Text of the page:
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Week 9 LIVE Class 2010
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Week 9 LIVE Class 2010

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  • 1. © Carrie Heeter, 2010 Foundations of Serious Games Professor Carrie Heeter
  • 2. © Carrie Heeter, 2010 GAME FOR CHANGE  Daniel  The McDonalds Game GAMES FOR LEARNING  Kari  Wolfquest    Kristy  Do I Have a Right   INNOVATIVE INDIE GAME  Derek  Spectre NEXT WEEK: Mete Greg Kristine John
  • 3. © Carrie Heeter, 2010  Kristy, 91 points  Kari, 51 points  Daniel, 48 points  Ted, 46 points  Derek, 43 points  Carolyn, 34 points  Greg, 34 points  Alan, 34 points  Kristine, 30 points  Steve, 25 points Example of poorly designed gamification…
  • 4. © Carrie Heeter, 2010
  • 5. © Carrie Heeter, 2010 8 9 10 11 12 13 14 Finals 10/27 11/3 11/10 11/17 11/24 12/1 12/5 12/15 playtest final game Meaningful Play report due Playtest report due Final project web site, game due Graded on quality of RESEARCH. A successful playtest informs important design CHANGES. (Confirming that your game was perfect would be a failed Playtest.) (no LIVE class)
  • 6. © Carrie Heeter, 2010  Missing Link  History  Ctrl Alt Del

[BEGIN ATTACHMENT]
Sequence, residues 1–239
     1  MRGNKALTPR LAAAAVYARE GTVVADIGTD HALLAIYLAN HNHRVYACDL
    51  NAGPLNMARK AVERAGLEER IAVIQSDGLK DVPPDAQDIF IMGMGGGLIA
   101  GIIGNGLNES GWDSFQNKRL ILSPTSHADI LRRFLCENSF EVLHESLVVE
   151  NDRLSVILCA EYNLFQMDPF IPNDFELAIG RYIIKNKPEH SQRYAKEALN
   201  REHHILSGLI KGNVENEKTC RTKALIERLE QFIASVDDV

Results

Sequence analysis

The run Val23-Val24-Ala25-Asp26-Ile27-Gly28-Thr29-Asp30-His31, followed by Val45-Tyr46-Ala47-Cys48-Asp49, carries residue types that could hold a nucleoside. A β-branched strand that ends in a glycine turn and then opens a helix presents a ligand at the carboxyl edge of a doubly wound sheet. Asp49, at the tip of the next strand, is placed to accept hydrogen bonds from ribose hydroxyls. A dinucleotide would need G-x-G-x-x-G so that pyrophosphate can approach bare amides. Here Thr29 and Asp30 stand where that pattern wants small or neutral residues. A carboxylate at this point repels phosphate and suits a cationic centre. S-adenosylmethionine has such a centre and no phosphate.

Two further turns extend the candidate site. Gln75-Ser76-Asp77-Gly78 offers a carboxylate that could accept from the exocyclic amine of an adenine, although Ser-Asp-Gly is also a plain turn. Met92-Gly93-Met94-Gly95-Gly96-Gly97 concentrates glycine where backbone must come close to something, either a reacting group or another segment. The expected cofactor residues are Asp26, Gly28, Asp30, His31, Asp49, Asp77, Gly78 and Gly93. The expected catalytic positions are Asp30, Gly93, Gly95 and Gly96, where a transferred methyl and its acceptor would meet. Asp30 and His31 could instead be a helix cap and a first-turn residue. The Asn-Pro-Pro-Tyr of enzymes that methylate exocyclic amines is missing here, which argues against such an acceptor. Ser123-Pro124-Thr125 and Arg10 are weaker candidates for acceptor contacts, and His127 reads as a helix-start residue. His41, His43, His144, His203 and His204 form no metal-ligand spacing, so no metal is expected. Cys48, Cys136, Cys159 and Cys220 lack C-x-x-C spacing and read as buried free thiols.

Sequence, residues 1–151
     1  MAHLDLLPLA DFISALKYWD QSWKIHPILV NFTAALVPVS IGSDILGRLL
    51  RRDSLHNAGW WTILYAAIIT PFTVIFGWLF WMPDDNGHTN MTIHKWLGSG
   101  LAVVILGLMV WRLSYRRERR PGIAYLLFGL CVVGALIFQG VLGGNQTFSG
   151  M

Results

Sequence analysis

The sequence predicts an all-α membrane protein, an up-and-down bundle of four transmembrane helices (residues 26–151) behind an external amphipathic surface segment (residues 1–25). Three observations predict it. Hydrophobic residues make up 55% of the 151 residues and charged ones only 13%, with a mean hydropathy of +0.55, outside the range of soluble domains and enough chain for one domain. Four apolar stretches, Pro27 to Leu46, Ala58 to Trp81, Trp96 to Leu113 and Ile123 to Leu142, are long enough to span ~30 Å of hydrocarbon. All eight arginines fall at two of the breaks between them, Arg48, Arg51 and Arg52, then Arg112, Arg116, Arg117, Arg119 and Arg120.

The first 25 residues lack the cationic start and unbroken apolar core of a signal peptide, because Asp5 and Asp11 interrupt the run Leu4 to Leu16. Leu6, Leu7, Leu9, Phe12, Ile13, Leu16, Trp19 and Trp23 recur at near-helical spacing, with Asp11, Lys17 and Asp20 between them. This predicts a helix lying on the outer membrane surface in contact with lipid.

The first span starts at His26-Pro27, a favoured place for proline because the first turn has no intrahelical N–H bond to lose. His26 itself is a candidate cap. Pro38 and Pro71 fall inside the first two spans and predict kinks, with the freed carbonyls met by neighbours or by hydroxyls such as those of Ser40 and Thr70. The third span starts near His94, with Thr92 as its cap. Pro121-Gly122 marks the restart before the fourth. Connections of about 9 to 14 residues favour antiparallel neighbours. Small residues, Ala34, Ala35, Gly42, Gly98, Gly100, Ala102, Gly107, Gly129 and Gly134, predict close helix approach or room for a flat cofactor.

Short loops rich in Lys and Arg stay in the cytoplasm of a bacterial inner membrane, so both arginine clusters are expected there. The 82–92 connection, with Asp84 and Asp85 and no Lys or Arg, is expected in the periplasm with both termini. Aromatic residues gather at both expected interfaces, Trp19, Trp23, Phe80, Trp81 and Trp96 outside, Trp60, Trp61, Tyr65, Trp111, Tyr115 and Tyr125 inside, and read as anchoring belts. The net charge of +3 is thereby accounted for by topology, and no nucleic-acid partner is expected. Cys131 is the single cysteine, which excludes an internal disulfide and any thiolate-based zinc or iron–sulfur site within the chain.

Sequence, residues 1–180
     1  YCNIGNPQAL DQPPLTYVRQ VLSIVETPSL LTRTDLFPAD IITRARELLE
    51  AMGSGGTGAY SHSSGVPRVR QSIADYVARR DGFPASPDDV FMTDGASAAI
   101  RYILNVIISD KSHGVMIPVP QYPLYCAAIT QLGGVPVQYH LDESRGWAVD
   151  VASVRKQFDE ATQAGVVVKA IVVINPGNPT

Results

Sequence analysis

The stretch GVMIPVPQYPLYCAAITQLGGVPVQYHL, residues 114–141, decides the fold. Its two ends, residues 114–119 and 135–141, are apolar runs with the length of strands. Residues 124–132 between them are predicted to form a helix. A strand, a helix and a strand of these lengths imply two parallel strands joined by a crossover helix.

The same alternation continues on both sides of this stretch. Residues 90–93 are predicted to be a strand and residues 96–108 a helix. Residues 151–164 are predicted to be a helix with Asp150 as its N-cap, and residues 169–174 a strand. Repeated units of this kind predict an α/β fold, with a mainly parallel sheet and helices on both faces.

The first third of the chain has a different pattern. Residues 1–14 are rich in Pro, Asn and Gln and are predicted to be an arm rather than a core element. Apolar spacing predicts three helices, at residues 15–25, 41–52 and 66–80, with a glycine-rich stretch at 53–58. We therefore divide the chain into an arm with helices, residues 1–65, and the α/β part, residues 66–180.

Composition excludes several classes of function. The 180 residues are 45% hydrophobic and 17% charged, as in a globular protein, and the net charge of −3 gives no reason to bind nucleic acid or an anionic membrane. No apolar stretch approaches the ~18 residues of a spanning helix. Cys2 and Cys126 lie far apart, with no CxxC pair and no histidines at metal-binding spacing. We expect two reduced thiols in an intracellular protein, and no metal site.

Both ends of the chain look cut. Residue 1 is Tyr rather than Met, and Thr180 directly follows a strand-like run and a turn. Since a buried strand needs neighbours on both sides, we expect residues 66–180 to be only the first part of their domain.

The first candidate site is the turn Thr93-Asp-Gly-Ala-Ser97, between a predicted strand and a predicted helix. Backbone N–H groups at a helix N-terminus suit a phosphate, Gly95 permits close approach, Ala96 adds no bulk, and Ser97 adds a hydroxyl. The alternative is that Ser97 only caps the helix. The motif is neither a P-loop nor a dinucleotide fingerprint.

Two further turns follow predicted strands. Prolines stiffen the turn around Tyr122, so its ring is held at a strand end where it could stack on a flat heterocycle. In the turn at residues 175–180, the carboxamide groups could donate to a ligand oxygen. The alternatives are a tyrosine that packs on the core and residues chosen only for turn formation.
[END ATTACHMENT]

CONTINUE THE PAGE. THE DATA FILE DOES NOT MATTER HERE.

• 7. © Carrie Heeter, 2010  Week 9  Brainstorm again with a renewed, deeper understanding of your audience, the need, the content. Decide on a core game mechanic and direction  Weeks 9 & 10  Continue research on all fronts  Develop rough paper prototype of some aspect of your game, with a clear idea of the questions you want to answer.  Your prototype is your hypothesis!
  • 8. © Carrie Heeter, 2010  Game Design Workshop  Games for Change Toolkit  Conduct and watch game analyses of ~30 games  Indoctrinate to culture of iteration  Practice envisioning and revising game ideas  Assign you to fill yourselves with content and user knowledge
  • 9. © Carrie Heeter, 2010  Known domain, goals, player  Brainstorm again, thinking freely about the game mechanic  Notice how different brainstorming feels when you understand the problem space better and have a general direction.
  • 10. © Carrie Heeter, 2010  Try it out!  (Remember our play acting exercise?)  Central starting point:  Is your game playable?  Then you can tweak content and fun and values. PITFALL: making it too complicated
  • 11. © Carrie Heeter, 2010  Some experts even change them DURING a playtest, or between playtests  A great prototype is one you can make quickly and change easily PITFALL: making it to polished
  • 12. © Carrie Heeter, 2010  Do what you say you will, on time.  Everything takes longer than you think – allow time  Communicate clearly. Call for help if you run into trouble. PITFALL: not being ready
  • 13. © Carrie Heeter, 2010  I’m happy to meet with any team or individual. Just let me know.